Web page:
Thanksgiving in America is, for better or worse, associated with the three Fs: food, family, and football.
The latter comes from the NFL’s tradition of playing games on Thanksgiving every year since the Akron Pros and the Canton Bulldogs faced off on Turkey Day back in 1920. Chances are, at least part of your day with your family is going to be spent gathered around the TV, enjoying the game and digesting your turkey.
In recent years, though, Americans have found other ways to spend their holiday.
From 1970 to 2005, football fans were treated to two games every Thanksgiving: one featuring the Dallas Cowboys and one showcasing the Detroit Lions. Then in 2006, the league started playing three games — one each for Dallas and Detroit, plus a third contest in the primetime slot televised by NBC. The other two are televised by CBS and FOX.
In 2016 and 2017, NFL ratings showed strange trends. In 2016, an average of 16.5 million people watched any given NFL regular-season game. That was an eight percent drop from 2015. Thanksgiving was something of a different story, however.
The early game between Detroit and Minnesota saw a nine percent jump in audience size from what that time slot accomplished in 2015. The afternoon game between Dallas and Washington had a household rating of 15.6, up from 15.3 in 2015 (side note: that game was the most watched regular season in NFL game since 1995).
The night game was the only contest with a smaller audience than the year before. In that showdown, Pittsburgh demolished Indianapolis 28-7 with the majority of the Steelers’ points coming in the first quarter and a half. Naturally, fans flipped away resulting in a viewership of a 10.8 household rating, a 26 percent drop from the previous year.
In 2017, all three Thanksgiving NFL games saw a drop in total viewership from the previous year. The early game (Lions-Vikings) fell 10 percent, the afternoon game (Chargers-Cowboys) 25 percent, and the night game (Giants-Redskins) 19 percent. Overall viewership for the NFL was down 9.7 percent from the previous season.
Pam Chvotkin, a veteran of the sports broadcasting world and adjunct sports marketing professor at the University of Alabama, hypothesizes that this could be due to the differences in the overall on-field product.
“When we look at the marketing basics of what sells and what deters fans from a good product, we can look at a number of contributing factors,” Chvotkin says. “The product itself in 2016 was too long. There were more ads and stoppage of play than actual football played. There were more penalties than fan celebrations (which is still a problem). The league has since tried to fix this issue by helping to reduce the breakup of the fluidity of the game.”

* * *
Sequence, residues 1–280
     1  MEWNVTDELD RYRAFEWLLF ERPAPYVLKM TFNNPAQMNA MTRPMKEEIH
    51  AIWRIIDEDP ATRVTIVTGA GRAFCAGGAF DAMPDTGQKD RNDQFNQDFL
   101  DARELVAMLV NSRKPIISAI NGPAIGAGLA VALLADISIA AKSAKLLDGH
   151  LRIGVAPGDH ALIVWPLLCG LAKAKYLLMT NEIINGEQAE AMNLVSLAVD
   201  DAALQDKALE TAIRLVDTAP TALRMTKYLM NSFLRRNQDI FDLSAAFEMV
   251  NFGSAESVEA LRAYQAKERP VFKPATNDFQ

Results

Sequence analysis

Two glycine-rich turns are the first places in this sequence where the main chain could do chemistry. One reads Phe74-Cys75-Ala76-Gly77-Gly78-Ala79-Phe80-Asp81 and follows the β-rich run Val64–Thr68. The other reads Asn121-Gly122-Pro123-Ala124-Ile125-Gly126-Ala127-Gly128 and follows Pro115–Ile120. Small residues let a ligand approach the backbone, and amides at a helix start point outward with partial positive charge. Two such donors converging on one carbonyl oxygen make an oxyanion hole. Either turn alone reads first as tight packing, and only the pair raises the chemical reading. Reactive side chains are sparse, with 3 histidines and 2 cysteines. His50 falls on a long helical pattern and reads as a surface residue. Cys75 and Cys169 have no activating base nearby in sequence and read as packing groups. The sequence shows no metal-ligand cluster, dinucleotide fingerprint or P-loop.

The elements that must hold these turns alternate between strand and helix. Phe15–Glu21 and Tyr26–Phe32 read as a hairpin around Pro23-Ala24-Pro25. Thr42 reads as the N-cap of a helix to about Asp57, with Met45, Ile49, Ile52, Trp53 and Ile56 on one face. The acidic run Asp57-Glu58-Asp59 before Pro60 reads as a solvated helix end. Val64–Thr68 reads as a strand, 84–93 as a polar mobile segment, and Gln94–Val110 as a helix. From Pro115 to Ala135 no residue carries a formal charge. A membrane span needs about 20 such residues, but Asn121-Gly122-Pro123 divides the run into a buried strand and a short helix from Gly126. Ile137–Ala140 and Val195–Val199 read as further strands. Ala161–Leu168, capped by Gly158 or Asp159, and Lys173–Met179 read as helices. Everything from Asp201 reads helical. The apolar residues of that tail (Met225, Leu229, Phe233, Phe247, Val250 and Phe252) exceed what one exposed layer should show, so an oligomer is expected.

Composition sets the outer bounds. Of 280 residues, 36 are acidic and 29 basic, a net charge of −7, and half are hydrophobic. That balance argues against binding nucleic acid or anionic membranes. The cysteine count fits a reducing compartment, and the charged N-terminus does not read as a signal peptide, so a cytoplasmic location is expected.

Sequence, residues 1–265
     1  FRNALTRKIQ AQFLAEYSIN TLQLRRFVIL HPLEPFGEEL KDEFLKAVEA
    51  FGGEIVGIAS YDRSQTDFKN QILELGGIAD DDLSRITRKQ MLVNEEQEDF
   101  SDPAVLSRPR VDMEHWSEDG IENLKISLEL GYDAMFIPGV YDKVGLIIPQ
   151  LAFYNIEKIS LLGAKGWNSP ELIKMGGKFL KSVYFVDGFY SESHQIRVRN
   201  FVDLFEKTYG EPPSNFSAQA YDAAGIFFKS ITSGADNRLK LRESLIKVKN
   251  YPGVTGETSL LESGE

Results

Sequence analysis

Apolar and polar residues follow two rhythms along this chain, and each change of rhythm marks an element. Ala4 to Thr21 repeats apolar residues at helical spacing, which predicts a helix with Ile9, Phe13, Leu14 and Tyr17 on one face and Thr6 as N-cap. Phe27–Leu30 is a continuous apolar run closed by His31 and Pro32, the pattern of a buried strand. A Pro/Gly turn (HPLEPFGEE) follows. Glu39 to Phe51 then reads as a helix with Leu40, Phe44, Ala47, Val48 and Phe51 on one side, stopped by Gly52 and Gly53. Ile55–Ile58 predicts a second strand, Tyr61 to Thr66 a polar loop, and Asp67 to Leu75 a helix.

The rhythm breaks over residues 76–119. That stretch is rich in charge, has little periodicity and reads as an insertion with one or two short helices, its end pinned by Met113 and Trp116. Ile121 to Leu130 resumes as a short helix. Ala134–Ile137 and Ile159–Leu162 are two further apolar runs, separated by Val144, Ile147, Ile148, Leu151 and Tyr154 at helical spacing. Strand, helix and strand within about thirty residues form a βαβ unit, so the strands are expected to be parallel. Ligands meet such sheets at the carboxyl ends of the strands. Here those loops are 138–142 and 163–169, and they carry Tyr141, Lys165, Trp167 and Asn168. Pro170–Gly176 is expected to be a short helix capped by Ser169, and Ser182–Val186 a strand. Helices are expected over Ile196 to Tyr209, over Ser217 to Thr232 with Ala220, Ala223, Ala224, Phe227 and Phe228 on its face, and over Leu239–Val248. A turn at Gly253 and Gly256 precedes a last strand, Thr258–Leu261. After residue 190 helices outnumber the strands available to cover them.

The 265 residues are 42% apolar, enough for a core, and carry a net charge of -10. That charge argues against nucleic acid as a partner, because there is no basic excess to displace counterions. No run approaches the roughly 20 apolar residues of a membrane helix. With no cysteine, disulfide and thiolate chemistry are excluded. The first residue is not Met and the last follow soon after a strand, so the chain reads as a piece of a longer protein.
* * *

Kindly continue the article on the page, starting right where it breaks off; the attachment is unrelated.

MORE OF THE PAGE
Overall, it’s probably a fool’s errand to pin down an exact reason for the NFL’s ratings dip in 2016 and 2017. The media coverage of a presidential election played a part, as it does every four years. Various off-field and player-safety issues very well could have turned a few people away. With Thanksgiving, specifically, there’s also the added wrinkle of college basketball making a push to take over the holiday with high-profile events like the Maui Invitational and the PK80 in 2017.
This year, however, expect the viewership on Thanksgiving Day to rise.
Through the first 11 weeks of the season, the NFL has seen a small bump in overall viewership from 2017. That bump has been about two percent with 15.25 million viewers across all six broadcast windows. Several sports broadcasting professionals attribute this to an evolving sociocultural climate, as well as shifting offensive philosophies in the league. Jeremy St. Louis of beIN SPORTS is one of those people.
“For me, I think ratings are up because the political climate around the game is not what it was a year ago,” St. Louis stated. “That, and the competitive performances we’re seeing this year is helping the league with viewers.”
As St. Louis mentioned, offense is extremely hot in pro football right now. The number of points scored, passing touchdowns, and total touchdowns in the league are all on pace to break league records this season. Defense may win championships, but offense puts people in seats — or, in this case, on couches in front of the TV.
Chvotkin can attest to the draw that high-octane offense creates.
“The quality of the NFL games — high-scoring, close matchups — are a big driving factor,” Chvotkin said. “The rookie seasons of new and fresh quarterbacks are bringing excitement to fan bases. Even with a ratings dip, live sporting events continue to be among the top shows among the key 18-49 demo. The Chiefs/Rams game (from this past week) gave Monday Night Football its best overnight rating since 2014.”
It also helps that this year’s games are all divisional matchups with Detroit playing Chicago in the early slot, Dallas playing its fiercest rival, Washington, in the afternoon, and the Atlanta Falcons heading to New Orleans to face a rolling Saints team in primetime. If 2016 is any indication, rivalries have great potential to draw numbers.
If watching NFL games is part of your family’s holiday tradition, you’ll be in good company this year as more people will come back to enjoy America’s game amidst reheating leftovers and getting a jump on Black Friday sales.
Patriots owner Robert Kraft said it best earlier this season in an interview with The Boston Globe: “I think [the NFL] had been the one area of escape that was a communal thing, and I think we brought it back to that, and that’s great. The product this year has been overwhelmingly accepted, our ratings are up, and I think a lot of it is because people just want to watch football.”